In the patrol was a 20 year old youth named Roger Abeels. Jerry spoke nothing but English; Roger knew only French and Flemish. But they liked each other the moment they met, and when the patrol crawled out of the woods under cover of darkness, Roger took Jerry to his home.


For two months Jerry hid in the Abeels household. Roger's civilian clothes fitted him well, and Roger's father, mother and sister grew to look upon Jerry as their second son and brother. After a while, Jerry began to pick up a smattering of French, and his Idaho pronunciation of it produced peals of laughter each evening in the modest Abeels living room. Often the father would press Jerry's arm and say how sorry they would be when the time came for him to leave.

The Abeel's 18 year old daughter, Monique was nicknamed "pest" by Jerry because she was always fluttering around when ne and Roger were discussing the war or sports or cleaning Roger's hidden Sten gun. She reveled in the name because she didn't know its meaning.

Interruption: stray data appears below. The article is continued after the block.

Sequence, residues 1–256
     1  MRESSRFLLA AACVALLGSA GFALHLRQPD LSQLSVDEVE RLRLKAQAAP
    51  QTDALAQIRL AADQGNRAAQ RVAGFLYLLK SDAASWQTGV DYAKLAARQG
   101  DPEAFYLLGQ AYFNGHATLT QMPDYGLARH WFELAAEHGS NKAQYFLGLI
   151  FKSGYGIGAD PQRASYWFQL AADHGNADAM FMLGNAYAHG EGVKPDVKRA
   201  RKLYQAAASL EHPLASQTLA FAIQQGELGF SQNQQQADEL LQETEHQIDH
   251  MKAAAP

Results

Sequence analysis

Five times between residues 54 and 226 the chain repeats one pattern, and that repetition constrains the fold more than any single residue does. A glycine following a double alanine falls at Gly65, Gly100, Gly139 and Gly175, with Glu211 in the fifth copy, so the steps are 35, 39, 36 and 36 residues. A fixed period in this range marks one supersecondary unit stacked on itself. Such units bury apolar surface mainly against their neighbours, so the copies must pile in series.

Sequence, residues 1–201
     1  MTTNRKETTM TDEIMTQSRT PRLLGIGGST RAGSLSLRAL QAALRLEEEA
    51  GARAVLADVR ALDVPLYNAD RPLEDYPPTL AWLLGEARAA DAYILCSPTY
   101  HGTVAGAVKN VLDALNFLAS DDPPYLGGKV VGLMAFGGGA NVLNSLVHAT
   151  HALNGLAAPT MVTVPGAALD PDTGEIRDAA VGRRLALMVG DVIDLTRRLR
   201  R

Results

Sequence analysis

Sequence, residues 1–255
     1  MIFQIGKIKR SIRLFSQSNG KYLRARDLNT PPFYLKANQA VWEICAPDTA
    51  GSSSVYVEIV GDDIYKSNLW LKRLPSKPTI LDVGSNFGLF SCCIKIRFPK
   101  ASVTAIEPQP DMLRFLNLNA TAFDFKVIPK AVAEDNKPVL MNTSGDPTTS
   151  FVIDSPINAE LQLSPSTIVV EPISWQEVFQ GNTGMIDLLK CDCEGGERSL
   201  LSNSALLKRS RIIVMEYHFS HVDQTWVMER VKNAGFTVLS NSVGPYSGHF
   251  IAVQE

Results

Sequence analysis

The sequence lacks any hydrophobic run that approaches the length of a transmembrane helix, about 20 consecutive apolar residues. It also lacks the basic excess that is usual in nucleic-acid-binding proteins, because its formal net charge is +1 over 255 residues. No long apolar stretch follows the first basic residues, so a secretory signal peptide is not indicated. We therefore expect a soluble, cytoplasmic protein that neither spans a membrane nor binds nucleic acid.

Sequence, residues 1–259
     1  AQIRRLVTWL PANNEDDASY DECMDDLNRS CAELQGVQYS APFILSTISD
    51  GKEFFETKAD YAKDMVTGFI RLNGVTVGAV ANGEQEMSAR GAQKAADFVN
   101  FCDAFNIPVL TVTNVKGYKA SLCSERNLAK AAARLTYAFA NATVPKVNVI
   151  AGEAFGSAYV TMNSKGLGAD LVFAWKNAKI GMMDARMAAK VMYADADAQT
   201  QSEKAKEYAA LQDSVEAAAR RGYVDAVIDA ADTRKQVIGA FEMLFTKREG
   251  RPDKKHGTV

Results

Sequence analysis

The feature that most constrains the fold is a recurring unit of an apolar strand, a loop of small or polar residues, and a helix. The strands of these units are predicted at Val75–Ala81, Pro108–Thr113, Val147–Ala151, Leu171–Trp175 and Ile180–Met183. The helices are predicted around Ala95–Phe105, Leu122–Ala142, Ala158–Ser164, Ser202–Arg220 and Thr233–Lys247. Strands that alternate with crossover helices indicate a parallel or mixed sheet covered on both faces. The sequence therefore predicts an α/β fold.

So the summer sped by and Jerry had become a member of the family and Roger's inseparable companion. Each night the family gathered in the cellar to hear the British radio, and they traced the approach of the British armies toward Brussels with breathless enthusiasm. Then came Saturday, September 2. After dark, that evening a messenger from the "Armee Blanche" dashed into the house with great news.

British tanks were that night leaving Tournai, on the Franco-Belgium border, and heading straight for Brussels. After four years, liberation was almost at hand. Roger was ordered to report to his company headquarters in the woods at six o'clock the next morning: the "Armee Blanche" was going into open action against the enemy.

Mother Abeels cried a little as she dusted off Roger's secret uniform-a white coverall with an armband of black, red, and gold. Roger oiled his Sten gun and Jerry tested its mechanism. It was a bittersweet evening; Mother Abeels continually cautioning Roger to be careful and Papa Abeels recounting endless stories of liberation in the 1918.